In many ways, our nation is divided more than ever. People are hunkering down into tribes, holding fast to thoughts and actions that scream, ‘If you’re not fully aligned with me, you’re against me.’ So we wrestle as we look back at our history and its impact on how we look ahead to our future.
But how would Jesus — who sits outside of our nation and our time — demonstrate his kingdom and share his words in times like ours?
I believe, at the very least, he’d be civil.
As those who’ve chosen to follow Christ, we’re called to be civil. As Jesus was. His language was kind, empathetic and full of grace. Scripture makes it clear that we are to live in peace with one another, but I wonder if some of us Christians choose incivility. If you turn on any newscast or read any news story, there is no civility. We Christians are often right in the middle of the fray, stirring the pot to pull it closer to home.
So what should we be doing as Christ followers? What posture should we assume?
Recently, I had the privilege to sit down separately with U.S. Rep. Marjorie Taylor Greene, My Pillow CEO Mike Lindell, former Sen. Chuck Robb of Virginia, and former U.S. Rep. Joe Scarborough. Pondering the mix of all four of these individuals gave me insight on the need to regain civility in our nation.
Here are some things I’ve learned about civility from my recent interviews:
Civility speaks from truth. Platforms speak from agenda.
Jan. 6, 2021. A day we saw our nation under siege against itself. The day our nation’s Capitol was stormed.
As I sat in my house watching the meltdown of our country on full display, I considered the underlying issue that got us here. Was it QAnon and others with a conspiracy-based narrative that had indoctrinated those who were a part of the mob? Or those who sat at home throughout most of COVID feeding themselves conspiracy theories? Or those glued to singular media sources? It became clear to me that many influences produced that dreadful afternoon.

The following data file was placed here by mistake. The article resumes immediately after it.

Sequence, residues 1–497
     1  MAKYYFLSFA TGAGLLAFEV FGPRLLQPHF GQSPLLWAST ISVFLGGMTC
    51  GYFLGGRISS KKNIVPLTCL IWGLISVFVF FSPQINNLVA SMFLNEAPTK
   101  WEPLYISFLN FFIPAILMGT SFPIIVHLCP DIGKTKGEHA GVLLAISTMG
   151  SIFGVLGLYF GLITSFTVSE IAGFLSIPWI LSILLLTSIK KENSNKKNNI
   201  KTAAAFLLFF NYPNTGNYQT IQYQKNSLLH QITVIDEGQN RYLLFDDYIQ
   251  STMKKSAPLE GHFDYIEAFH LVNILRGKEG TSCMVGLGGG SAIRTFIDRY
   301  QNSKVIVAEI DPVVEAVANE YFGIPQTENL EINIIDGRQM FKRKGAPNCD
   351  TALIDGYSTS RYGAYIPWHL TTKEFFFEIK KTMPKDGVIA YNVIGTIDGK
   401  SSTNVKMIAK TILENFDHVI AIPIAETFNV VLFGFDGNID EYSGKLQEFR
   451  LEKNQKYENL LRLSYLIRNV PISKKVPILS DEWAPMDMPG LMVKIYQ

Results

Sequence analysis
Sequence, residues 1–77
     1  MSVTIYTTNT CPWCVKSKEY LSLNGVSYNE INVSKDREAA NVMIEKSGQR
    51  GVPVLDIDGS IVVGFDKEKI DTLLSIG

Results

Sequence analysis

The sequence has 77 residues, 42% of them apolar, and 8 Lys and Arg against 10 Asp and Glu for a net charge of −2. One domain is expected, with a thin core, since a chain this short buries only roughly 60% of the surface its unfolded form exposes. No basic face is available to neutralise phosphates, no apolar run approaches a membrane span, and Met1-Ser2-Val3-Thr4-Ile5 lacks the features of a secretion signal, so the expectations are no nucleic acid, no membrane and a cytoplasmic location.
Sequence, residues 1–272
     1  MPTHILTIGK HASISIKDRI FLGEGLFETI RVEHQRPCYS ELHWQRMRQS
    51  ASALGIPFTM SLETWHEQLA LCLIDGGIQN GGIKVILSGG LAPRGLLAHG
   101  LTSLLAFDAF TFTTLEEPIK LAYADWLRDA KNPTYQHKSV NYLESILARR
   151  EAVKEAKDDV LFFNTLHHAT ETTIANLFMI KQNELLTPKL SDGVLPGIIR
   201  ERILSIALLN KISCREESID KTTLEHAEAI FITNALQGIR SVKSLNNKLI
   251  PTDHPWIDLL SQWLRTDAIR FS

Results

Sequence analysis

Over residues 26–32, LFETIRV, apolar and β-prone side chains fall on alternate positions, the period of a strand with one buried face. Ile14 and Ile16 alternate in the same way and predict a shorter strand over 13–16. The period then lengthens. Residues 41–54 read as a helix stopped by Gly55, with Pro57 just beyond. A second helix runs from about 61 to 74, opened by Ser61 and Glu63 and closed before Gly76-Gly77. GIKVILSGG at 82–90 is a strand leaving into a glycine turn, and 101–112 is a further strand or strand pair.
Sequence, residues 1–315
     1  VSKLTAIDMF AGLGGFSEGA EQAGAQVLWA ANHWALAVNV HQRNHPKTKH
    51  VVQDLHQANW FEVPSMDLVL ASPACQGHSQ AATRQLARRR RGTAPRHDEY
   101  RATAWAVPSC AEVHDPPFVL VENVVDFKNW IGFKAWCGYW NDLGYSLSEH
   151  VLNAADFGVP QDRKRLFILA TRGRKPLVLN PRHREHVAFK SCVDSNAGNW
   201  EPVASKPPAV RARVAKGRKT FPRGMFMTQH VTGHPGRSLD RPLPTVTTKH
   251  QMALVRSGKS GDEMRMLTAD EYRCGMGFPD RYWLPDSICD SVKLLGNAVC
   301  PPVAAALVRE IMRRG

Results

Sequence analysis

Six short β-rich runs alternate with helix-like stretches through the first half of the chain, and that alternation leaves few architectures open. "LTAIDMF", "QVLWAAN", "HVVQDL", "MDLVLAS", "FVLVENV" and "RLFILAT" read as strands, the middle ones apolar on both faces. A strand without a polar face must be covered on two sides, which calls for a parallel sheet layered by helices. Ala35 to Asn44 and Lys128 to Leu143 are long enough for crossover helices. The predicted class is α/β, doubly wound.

As Christ followers, we must be cautious with agenda-leading wild and crazy conspiracy theories and those who peddle them.
“As Christ followers, we must be cautious with agenda-leading wild and crazy conspiracy theories and those who peddle them.”
During my time with Mike Lindell, many things struck me as an interviewer to be out of place. First, he was speaking from his car in an unknown location — seemingly on the run. Second, when asked about his current support of former President Trump, he said, “I haven’t spoken with the president, but because I have the platform, I want people to know the truth, that China and other outside influences have rigged our election system.”
What struck me as odd about this conversation is the word “platform.” Not truth, but platform. Lindell’s platform. And that may be the problem. As Christ followers, we need to be careful on what platform we stand. It has been widely debunked that the election system was rigged, and Lindell is being sued for spreading conspiracy lies. As Christ followers, we need to avoid crazy, wild conspiracy theories — and people like Mike Lindell.
Civility is focused. Agendas are divisive.
Growing up, when my sister and I would fight in public, my mother used to say that we were being watched, and if we’re not careful, people wouldn’t be able to tell that we were brother and sisters.
The same thing is true when we allow people who claim to be Christ followers to speak on our behalf.
“If we’re going to lead the way in our country toward civility, racist and derogatory language can’t be in our vocabulary.”